Miss Minnie the "cookee,'' or cook's assistant, is showing us around the logging camp under the baleful glare of her boss, Miss Rebecca. We walk by a giant rut cutter, used to make grooves in the ice roads for the logging sleighs.
One hundred years ago, the white-pine forests around Hayward were the domain of a special breed of man.
They were swampers, sawyers and skidders. They were deckers, chainers, undercutters and riverhogs. They were dwarfed by the colossal trees they had to wrestle out of the forest, and their lives hung on their own brawn, nerve and dumb luck.
Six days a week they worked, dawn to dusk, all winter long. In spring, they'd roar into Hayward for whiskey and wild women; their brawling earned the town a reputation reflected in a train conductor's call: "All aboard for Hayward, Hurley and Hell!''
Northfield always has been shaped by newcomers.
First the Yankees came to town, then the Norwegians. Each started a college, and the Yankees built mills, whose flour won international prizes as the Minneapolis mill were just getting started.
Missourians arrived in 1876 for a brief but memorable visit; the violent bank raid by the James-Younger Gang is called "the seven minutes that shook Northfield.''
Long before Minnesota existed, Grand Portage was as familiar a name to many Europeans as George Washington.
As the American Revolution drew to a close in the East, traders at this Lake Superior outpost were busy minting the
interior's first millionaires.
It was the crossroads of a continent, the place where voyageurs laden with goods from Montreal met voyageurs laden with beaver pelts from the Canadian wilderness.
It was a gorgeous fall day in southwest Wisconsin, and all we could see was heartache and misery.
"Welcome to Virginia 1862," read the sign at the gates of Norskedalen, where pioneer homesteads evoke the Civil War era.
Pushing open the door of a chinked-timber farmhouse, we encountered Nedda Blodgett, who was surprised to find strangers in her parlor but quickly welcomed us in a Southern drawl.
This summer, you'll be hearing about the bicentennial of the War of 1812.
Now what was that war about, anyway?
Most Americans know only that it produced “The Star Spangled Banner.'' But Americans were the aggressors, looting and burning York — today, Toronto — in 1813.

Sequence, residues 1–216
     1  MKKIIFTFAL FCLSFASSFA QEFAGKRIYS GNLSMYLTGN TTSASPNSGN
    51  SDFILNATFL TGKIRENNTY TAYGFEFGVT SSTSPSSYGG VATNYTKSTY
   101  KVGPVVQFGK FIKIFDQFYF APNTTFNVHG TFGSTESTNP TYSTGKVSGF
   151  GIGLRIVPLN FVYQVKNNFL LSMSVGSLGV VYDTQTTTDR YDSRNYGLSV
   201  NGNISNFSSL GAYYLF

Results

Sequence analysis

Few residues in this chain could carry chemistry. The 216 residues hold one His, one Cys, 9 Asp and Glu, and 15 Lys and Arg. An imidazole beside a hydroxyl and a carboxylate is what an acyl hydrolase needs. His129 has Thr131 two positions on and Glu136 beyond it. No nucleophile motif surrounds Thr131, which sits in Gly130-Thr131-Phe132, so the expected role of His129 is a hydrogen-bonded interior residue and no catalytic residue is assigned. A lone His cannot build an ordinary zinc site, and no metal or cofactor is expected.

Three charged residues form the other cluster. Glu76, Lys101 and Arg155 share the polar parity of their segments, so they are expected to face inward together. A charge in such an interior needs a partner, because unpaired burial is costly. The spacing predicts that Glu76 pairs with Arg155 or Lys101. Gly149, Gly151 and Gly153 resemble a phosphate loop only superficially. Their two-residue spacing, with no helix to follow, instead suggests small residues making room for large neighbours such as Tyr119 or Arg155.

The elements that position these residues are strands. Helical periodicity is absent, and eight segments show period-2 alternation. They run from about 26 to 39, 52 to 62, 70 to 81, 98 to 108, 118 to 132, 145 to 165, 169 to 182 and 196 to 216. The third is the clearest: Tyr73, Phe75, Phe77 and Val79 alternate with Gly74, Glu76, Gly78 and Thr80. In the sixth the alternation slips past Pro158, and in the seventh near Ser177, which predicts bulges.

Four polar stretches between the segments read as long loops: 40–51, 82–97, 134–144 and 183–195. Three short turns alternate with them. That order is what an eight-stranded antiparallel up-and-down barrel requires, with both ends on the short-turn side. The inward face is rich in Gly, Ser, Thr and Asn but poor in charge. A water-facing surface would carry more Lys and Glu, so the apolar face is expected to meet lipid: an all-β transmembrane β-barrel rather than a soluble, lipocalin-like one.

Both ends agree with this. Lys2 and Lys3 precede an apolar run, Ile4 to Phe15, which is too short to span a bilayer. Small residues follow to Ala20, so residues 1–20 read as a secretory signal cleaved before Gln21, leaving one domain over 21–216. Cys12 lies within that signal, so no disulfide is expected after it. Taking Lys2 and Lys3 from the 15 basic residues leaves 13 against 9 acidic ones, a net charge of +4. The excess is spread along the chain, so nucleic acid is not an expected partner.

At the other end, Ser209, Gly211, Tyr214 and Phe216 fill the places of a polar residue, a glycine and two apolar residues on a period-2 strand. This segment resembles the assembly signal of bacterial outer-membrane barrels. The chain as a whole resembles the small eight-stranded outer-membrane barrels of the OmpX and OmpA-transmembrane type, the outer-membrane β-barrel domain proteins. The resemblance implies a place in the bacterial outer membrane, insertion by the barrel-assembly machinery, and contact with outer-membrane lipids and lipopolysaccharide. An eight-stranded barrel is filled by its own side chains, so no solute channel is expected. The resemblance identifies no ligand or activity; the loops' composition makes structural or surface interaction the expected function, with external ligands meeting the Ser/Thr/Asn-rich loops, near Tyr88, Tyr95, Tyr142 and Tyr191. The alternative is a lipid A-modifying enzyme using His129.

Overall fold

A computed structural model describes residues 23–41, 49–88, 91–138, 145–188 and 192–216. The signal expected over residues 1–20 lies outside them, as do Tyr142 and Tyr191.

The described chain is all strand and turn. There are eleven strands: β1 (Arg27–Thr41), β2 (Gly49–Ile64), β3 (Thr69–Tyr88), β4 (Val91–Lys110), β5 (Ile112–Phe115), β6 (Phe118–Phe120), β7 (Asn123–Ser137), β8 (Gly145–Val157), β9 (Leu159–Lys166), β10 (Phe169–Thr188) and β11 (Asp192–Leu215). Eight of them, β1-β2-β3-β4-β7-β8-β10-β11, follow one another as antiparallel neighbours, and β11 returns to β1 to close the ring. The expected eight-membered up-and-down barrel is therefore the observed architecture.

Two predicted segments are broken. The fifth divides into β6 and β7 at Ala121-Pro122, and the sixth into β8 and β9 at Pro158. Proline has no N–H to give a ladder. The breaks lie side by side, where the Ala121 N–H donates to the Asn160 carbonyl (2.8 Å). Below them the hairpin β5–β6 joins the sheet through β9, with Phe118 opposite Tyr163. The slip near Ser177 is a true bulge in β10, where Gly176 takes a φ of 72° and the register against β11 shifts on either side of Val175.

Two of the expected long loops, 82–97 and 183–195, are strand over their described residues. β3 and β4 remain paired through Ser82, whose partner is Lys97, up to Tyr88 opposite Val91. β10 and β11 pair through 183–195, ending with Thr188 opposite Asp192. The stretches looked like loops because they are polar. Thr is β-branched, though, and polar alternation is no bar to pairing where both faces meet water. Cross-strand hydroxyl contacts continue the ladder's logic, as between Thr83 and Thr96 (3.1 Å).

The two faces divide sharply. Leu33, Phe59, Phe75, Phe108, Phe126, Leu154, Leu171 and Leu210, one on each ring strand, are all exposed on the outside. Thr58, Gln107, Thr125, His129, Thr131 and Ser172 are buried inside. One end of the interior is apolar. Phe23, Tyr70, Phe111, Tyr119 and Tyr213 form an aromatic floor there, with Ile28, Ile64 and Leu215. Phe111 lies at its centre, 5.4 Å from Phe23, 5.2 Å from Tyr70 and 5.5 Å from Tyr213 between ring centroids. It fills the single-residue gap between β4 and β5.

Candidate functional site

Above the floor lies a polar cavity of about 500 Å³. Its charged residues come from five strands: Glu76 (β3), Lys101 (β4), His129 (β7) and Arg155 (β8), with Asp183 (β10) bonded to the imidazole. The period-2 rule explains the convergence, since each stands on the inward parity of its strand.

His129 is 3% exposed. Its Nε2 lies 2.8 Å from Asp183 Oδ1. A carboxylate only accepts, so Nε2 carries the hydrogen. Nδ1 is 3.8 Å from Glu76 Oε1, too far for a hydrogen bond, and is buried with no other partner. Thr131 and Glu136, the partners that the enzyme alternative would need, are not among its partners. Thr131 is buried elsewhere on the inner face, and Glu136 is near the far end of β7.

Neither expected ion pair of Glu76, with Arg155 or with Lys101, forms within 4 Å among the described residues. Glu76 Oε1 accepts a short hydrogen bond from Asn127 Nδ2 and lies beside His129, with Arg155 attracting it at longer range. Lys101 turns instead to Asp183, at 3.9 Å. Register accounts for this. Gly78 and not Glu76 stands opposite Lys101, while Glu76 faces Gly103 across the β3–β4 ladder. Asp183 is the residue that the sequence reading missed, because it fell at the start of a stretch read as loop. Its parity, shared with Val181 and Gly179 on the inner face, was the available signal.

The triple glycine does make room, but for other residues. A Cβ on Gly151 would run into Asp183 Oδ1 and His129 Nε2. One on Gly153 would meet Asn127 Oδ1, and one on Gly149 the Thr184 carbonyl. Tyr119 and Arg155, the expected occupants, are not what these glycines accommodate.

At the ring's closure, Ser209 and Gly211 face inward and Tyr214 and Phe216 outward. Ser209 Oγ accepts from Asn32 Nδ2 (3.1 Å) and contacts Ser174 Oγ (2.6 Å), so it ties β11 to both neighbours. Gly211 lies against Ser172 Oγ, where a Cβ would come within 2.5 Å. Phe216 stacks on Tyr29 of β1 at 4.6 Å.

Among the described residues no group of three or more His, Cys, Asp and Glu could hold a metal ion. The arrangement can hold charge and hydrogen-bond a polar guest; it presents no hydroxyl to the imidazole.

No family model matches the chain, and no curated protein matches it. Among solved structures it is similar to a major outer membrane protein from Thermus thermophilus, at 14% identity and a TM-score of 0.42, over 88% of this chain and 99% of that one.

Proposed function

In 1805, while Lewis and Clark were making history on the Missouri River, another explorer was heading up the Mississippi.
Sent by a general who was a double agent for Spain, 26-year-old Lt. Zebulon Pike was assigned to find sites for forts, determine the source of the Mississippi, make peace between warring tribes and stop unlicensed British trade on land just acquired by the Americans.
He did find a fort site on 500-foot bluffs in Iowa, but it was scrapped for a more practical site across the river in Prairie
du Chien, Wis.
Sometimes, it comes as a shock to tourists, especially those who grew up watching the TV show "Little House on the Prairie,'' that life on the frontier wasn't all that fun.
Twenty miles east of Walnut Grove, Stan McCone tells it as it was. A farmer, he'd heard stories about the early sod houses. None remained, so he decided to build one of his own, using an old sod cutter.
"There were 13 sod houses in this neighborhood, and those are just the ones we know about,'' he says. "But with all those, there's zero recollection of them, and I know why — because of all the buried children alongside them. They had such hardship.''
In April 1861, the first shots of the Civil War were fired at Fort Sumter in South Carolina.
The most famous battles that followed — Bull Run, Antietam, Gettysburg, Shiloh — were in the East.
But after Virginia and Tennessee, the most fought-over state was Missouri, which suffered 45 percent of all casualties.
Long before settlers plodded into the Upper Midwest, its rivers and forests were swarming with a more footloose kind of entrepreneur.
The Pilgrims still were getting a toehold on the eastern seaboard when Frenchman Jean Nicolet passed through the Straits of Mackinac in 1634 on his way to Green Bay, returning to Montreal with news of a vast interior filled with fur-bearing animals.
Traders wasted no time going after the pelts, and international commerce already was brisk by the time people in Salem, Mass., were whipping themselves into a frenzy over imagined witchcraft.